By Jack Spaulding
The Natural Resources Commission (NRC) has been very busy of late, giving preliminary adoption to rule changes governing fishing tournament licenses/permits, trapping wild animals, and registering to be an organ donor through the DNR’s license system.
Public comments may be submitted to the NRC Rulemaking Docket online or comments on the proposed changes may also be mailed to: Natural Resources Commission, Indiana Government Center North, 100 North Senate Avenue, Room N103, Indianapolis, IN 46204-2200.
The public hearing and deadline for public comments have not been scheduled yet. Once the public comment period has ended and a public hearing has been conducted, the NRC will vote on final adoption of any rule changes. Please note the proposed changes will not be in effect in 2021.
The proposed changes are summarized as follows:
Fishing tournament licensing (312 IAC 5-3.5-1)
The proposed amendment removes the reference to the Division of Law Enforcement for the administration of licenses for fishing tournaments since the Division of State Parks issues fishing tournament permits/licenses for state park & reservoir properties, and the Division of Fish & Wildlife issues permits for the three public freshwater lakes listed in the rule (Syracuse, Wawasee, and Sylvan). There are no changes to the lakes or requirements for the permits.
Trapping wild animals (312 IAC 9-3-18) & Nuisance wild animal control permit (312 IAC 9-10-11): The change in the rules is to simply remove the requirement where body-gripping traps must be completely covered by water. Only enough water to cover the opening of the trap by 50 percent will be required. The 330 Conibear™ (body-gripping trap) is used primarily for beaver and otter trapping in Indiana. This type of trap is one of the most effective methods for removing beavers from an area, and it is listed as a humane and effective trap in the Association of Fish and Wildlife Agencies Best Management Practices for trapping beavers and otters. Beavers can create a dam in a waterway, causing flooding to adjacent properties, and beavers may need to be removed as quickly and efficiently as possible. Therefore, the method is one of the most common used for both nuisance trapping situations as well as during the beaver trapping season. Because of its size, the administrative rule in 312 IAC 9-3-18(f) currently requires the 330 Conibear™ trap be completely submerged in water. The same requirements are in the nuisance wild animal control permit rule in 312 IAC 9-10-11 for nuisance wildlife control operators. A 330 Conibear™ typically measures 10” x 10”. Due to the size of the trap and how it is typically set, it would be difficult for a dog to be caught in a halfway submerged 330, so moving from fully submerged to halfway submerged should not change pet safety considerations. Allowing the traps to not be completely submerged would allow for more flexibility in dealing with beaver conflicts. The beaver and river otter seasons run concurrently, so the change should also not substantially increase river otter harvest incidental take.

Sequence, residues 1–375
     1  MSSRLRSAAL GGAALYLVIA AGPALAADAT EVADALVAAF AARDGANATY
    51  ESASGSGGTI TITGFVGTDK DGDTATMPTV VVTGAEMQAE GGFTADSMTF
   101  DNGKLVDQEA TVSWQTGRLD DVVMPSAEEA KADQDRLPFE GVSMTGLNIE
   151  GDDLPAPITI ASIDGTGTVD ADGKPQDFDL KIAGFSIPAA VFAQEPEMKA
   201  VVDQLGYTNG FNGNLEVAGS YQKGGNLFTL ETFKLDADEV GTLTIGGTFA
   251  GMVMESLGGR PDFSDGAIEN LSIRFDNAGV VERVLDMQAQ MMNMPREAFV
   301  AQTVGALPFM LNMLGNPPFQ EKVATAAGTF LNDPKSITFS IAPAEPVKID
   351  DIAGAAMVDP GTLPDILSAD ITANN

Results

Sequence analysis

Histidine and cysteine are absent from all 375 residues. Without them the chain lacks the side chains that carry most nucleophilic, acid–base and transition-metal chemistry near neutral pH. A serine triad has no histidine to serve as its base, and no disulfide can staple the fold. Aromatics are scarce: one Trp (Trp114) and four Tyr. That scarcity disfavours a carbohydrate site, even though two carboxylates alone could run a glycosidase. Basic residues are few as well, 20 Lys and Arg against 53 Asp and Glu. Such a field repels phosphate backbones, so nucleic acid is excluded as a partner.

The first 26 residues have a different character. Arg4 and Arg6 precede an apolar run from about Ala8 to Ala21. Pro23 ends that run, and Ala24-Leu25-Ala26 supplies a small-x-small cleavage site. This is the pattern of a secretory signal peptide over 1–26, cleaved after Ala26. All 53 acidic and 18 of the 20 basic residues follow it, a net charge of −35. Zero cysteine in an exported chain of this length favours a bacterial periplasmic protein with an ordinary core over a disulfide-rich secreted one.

Organ Donation (312 IAC 9-10-28): The new rule is required by law in IC 14-22-11-20 to specify a person may become an organ donor at the time of purchase of a fishing, hunting or trapping license online and have the designation on their license. Senate Enrolled Act 288 passed in 2020, requiring the DNR to provide the option for customers to register as an organ donor when purchasing a license. The rule specifies only residents of Indiana who purchase a license through the online license system (not at a retailer) may register to become an organ donor, and the person must be at least 18 years old. It also provides an option for a person to remove their status as an organ donor in our license system by submission of a signed affidavit.